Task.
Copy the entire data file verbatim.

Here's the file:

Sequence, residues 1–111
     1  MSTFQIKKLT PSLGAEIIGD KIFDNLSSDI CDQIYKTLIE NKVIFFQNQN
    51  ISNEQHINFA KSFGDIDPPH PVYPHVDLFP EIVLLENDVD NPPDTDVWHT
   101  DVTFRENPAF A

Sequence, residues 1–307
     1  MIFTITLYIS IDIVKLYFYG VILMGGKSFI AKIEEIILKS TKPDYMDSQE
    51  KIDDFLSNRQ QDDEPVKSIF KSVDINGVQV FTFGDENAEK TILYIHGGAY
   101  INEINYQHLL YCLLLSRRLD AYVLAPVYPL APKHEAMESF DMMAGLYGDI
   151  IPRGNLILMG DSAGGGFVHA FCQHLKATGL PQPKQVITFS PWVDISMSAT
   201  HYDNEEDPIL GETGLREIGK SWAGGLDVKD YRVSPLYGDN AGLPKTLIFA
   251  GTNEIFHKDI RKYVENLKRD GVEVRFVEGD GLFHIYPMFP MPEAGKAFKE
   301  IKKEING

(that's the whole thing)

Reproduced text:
Sequence, residues 1–111
     1  MSTFQIKKLT PSLGAEIIGD KIFDNLSSDI CDQIYKTLIE NKVIFFQNQN
    51  ISNEQHINFA KSFGDIDPPH PVYPHVDLFP EIVLLENDVD NPPDTDVWHT
   101  DVTFRENPAF A

Sequence, residues 1–307
     1  MIFTITLYIS IDIVKLYFYG VILMGGKSFI AKIEEIILKS TKPDYMDSQE
    51  KIDDFLSNRQ QDDEPVKSIF KSVDINGVQV FTFGDENAEK TILYIHGGAY
   101  INEINYQHLL YCLLLSRRLD AYVLAPVYPL APKHEAMESF DMMAGLYGDI
   151  IPRGNLILMG DSAGGGFVHA FCQHLKATGL PQPKQVITFS PWVDISMSAT
   201  HYDNEEDPIL GETGLREIGK SWAGGLDVKD YRVSPLYGDN AGLPKTLIFA
   251  GTNEIFHKDI RKYVENLKRD GVEVRFVEGD GLFHIYPMFP MPEAGKAFKE
   301  IKKEING